The Lean Product Development Toolkit is the basis of all Lean and Agile Project Management today. It includes the habit of working in Single Piece Flow (one project at a time), working in a One Room (or Obeya) Environment, to have one Chief Engineer responsible for the entire project, to engage in Concurrent Engineering and to use the typical A3 Problem Solving method for continuous improvement.
Today it’s quite fashionable to not be picky on where people work. Many companies spend fortunes on building flexible workspace, where team members don’t have their own room or desk anymore. They simply walk in, and login on whatever desk they like -or find-. Team members are free -and even expected- to work outside the office: With a client, in a bar, hotel or restaurant or even at home. That way, the company can afford to significantly reduce the amount of money spent on physical workspace and desks: No need to have a desk for everyone when only a maximum of 80% of the workforce will be in on any day of the week -let alone at their desks-. Maybe a desk and computer for every two co-workers will do, plus a lot of meeting rooms, coffee tables and even sofas.
Team members also tend to like it: This way of organizing the work, allows them to combine their responsibility to raise an income with the caring needs in their families or peer groups, or with the wish to also engage in other activities. Parents for instance need to take their kids to school and many of them like to start their work only after that. Others need to take care of other family members and may prefer to leave early to do so. Some people prefer to spend their daytime on sports or meditation activities and like to work at night or home. And for concentration, many people prefer to work in isolation at home (or in their beach house) rather than in an office where distractions are paramount.
For society at large, being flexible about where people work is attractive: It reduces the pressure on roads and public transportation during peak hours and makes for way better utilization of all of our infrastructure. The total amount of money lost by society on people and goods waiting to get where they need to be, can be reduced dramatically.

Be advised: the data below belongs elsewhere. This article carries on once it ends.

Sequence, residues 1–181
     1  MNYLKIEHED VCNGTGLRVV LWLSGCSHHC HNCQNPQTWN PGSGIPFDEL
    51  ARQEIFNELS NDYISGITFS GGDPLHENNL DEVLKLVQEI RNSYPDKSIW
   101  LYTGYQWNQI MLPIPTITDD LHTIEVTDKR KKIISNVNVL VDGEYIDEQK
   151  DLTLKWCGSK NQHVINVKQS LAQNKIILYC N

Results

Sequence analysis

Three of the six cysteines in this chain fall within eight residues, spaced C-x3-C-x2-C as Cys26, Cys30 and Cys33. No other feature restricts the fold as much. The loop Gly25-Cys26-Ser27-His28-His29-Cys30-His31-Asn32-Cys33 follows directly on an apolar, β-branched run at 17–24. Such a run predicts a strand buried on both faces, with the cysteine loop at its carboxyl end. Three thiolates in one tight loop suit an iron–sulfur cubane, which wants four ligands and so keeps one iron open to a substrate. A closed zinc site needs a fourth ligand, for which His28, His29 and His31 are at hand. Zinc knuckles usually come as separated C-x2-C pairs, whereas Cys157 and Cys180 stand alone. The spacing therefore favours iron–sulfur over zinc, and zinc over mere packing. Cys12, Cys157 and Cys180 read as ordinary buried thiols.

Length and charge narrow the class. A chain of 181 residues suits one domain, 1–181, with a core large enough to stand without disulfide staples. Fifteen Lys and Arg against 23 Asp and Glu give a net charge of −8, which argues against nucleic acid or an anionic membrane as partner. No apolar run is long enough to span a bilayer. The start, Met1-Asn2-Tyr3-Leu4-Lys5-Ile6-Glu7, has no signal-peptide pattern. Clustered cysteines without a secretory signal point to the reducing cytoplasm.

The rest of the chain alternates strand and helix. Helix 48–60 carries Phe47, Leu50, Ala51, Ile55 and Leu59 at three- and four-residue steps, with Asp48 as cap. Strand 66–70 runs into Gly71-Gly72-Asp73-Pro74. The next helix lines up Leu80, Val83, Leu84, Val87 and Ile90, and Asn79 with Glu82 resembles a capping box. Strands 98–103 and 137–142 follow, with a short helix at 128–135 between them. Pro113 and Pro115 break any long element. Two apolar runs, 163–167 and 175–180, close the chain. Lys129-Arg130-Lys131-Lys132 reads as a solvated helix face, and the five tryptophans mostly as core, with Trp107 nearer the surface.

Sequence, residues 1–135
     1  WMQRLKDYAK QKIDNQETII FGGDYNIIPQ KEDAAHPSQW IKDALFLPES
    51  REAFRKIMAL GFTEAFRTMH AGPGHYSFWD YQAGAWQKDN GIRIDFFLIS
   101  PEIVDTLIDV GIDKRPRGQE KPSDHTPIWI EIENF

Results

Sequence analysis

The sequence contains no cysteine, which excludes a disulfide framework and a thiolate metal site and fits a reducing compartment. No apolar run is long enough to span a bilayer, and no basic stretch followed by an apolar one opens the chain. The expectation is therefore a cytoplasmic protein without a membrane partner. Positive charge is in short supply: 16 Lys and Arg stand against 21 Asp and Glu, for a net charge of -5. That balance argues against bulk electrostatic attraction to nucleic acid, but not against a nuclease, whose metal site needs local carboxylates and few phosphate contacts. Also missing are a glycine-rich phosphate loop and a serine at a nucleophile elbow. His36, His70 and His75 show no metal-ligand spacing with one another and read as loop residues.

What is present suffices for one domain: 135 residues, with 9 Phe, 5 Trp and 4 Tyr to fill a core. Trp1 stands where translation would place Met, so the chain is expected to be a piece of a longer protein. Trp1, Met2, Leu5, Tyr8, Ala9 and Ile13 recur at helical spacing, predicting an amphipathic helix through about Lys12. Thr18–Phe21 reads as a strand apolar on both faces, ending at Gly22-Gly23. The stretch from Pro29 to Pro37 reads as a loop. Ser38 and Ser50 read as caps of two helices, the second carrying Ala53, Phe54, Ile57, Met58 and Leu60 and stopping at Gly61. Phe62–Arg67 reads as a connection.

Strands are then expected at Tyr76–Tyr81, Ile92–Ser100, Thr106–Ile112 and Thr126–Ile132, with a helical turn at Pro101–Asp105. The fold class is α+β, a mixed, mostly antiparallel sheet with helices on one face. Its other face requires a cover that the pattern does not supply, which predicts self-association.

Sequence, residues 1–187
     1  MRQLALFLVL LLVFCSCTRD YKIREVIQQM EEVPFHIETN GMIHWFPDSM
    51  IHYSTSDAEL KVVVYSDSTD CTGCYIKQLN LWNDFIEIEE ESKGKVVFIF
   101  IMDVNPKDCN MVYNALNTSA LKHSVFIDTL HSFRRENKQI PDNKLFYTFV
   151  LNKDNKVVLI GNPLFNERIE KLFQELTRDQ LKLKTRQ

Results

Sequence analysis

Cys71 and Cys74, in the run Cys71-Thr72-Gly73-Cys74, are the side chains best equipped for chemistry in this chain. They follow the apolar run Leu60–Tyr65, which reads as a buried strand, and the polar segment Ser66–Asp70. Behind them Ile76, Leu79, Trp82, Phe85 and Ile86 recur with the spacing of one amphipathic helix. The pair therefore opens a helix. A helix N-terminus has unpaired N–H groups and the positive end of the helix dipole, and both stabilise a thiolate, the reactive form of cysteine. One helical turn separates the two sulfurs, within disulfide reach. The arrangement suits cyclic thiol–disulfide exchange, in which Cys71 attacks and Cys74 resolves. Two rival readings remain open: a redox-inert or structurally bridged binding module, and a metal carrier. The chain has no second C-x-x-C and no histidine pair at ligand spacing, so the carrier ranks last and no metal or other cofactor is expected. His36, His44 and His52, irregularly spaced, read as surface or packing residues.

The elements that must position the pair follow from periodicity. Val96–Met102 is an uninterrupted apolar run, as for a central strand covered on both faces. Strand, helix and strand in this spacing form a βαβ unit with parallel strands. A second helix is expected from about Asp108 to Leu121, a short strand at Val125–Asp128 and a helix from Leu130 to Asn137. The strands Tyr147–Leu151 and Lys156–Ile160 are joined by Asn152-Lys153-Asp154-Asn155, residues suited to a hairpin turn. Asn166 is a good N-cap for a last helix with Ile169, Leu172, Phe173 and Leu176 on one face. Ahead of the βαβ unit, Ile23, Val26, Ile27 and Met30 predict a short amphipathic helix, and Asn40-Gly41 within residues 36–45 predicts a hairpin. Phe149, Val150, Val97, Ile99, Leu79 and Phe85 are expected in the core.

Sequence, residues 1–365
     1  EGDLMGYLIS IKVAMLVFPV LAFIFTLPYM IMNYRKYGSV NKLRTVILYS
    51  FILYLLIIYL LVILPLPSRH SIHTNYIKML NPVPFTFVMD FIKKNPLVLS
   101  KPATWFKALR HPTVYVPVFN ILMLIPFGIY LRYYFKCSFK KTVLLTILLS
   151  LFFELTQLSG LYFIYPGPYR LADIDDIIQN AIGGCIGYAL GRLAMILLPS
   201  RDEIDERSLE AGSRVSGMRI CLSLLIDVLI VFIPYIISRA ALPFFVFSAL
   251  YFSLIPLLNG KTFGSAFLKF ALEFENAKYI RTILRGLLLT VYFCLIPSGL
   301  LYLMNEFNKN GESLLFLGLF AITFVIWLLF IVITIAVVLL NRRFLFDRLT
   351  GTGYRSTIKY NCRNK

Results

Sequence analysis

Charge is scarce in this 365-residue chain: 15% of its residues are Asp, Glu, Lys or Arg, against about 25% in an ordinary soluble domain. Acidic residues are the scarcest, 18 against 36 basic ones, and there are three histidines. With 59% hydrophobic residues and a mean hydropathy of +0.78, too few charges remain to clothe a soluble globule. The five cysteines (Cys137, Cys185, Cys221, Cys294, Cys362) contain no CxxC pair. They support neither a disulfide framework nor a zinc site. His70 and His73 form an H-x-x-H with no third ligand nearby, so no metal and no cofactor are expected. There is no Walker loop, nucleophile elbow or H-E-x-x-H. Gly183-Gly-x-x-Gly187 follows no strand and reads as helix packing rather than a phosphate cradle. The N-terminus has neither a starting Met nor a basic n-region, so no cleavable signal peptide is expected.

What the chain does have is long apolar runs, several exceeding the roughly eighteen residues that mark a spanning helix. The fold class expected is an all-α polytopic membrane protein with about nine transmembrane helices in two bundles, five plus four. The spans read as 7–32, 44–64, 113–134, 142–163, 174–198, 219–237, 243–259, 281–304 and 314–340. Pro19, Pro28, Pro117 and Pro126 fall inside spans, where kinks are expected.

No wonder this new way of working is spreading rapidly.
Yet from a Lean and Agile perspective it’s not good at all to have team members working in different rooms: Working in One Room (or Obeya in Japanese), is one of the main drivers for success in a project environment. Understandably so: Working in One Room allows a team to stay focused on the Tasks for the day and on the User Stories due for the current Iteration. It is great for team members to always be able to drop a relevant question to a peer or colleague. It not only helps to get a reply quickly, it also allows to solve a problem together -normally way faster than working on issues alone-. Colleagues from different trades tend to learn from each other when working on issues together in the same room, making it easier to spread work among them. Specially when all relevant project data, drawings and graphics are attached to the walls or bulletin boards in the room around them. So Lean and Agile Project Management propose to have teams working together on only one project at a time in only one room or group of desks. It helps tremendously to speed up delivery, to improve the quality of the work, to reduce the cost of a project and to increase the mutual learning and continuous improvement. When the team members move to another project, they move to another room or group of desks too.
So how can we solve this difference of interests between Lean and Agile Project Management and the (housing staffs of) companies, individual team members and society at large? One way is by establishing a proper time-frame to work and a convenient location for all individual team members to work together. For instance, a team might decide to work on the same spot every day between 10:00 AM and 2:00 PM, while the rest of the time they’re free to work when and where they like…
Another way is to provide your team with the tools to make a virtual One Room or Obeya environment. Waypoint is one of these tools. It creates the digital equivalent of your physical One Room or Obeya. It provides the planning boards and allows to individuals to track the progress on their own tasks, as well as those of their colleagues, it clearly monitors and visualizes project progress, and the project planning issues at hand. When combined with easy communication tools for colleagues and peers to chat and to have video-conferences, it allows to emulate a One Room environment. Waypoint works greatly for this, specially when the team sticks to their good habit of having Daily Standup Meetings, regular Iteration Meetings and when it’s disciplined enough to work in Single Piece Flow on one project at a time.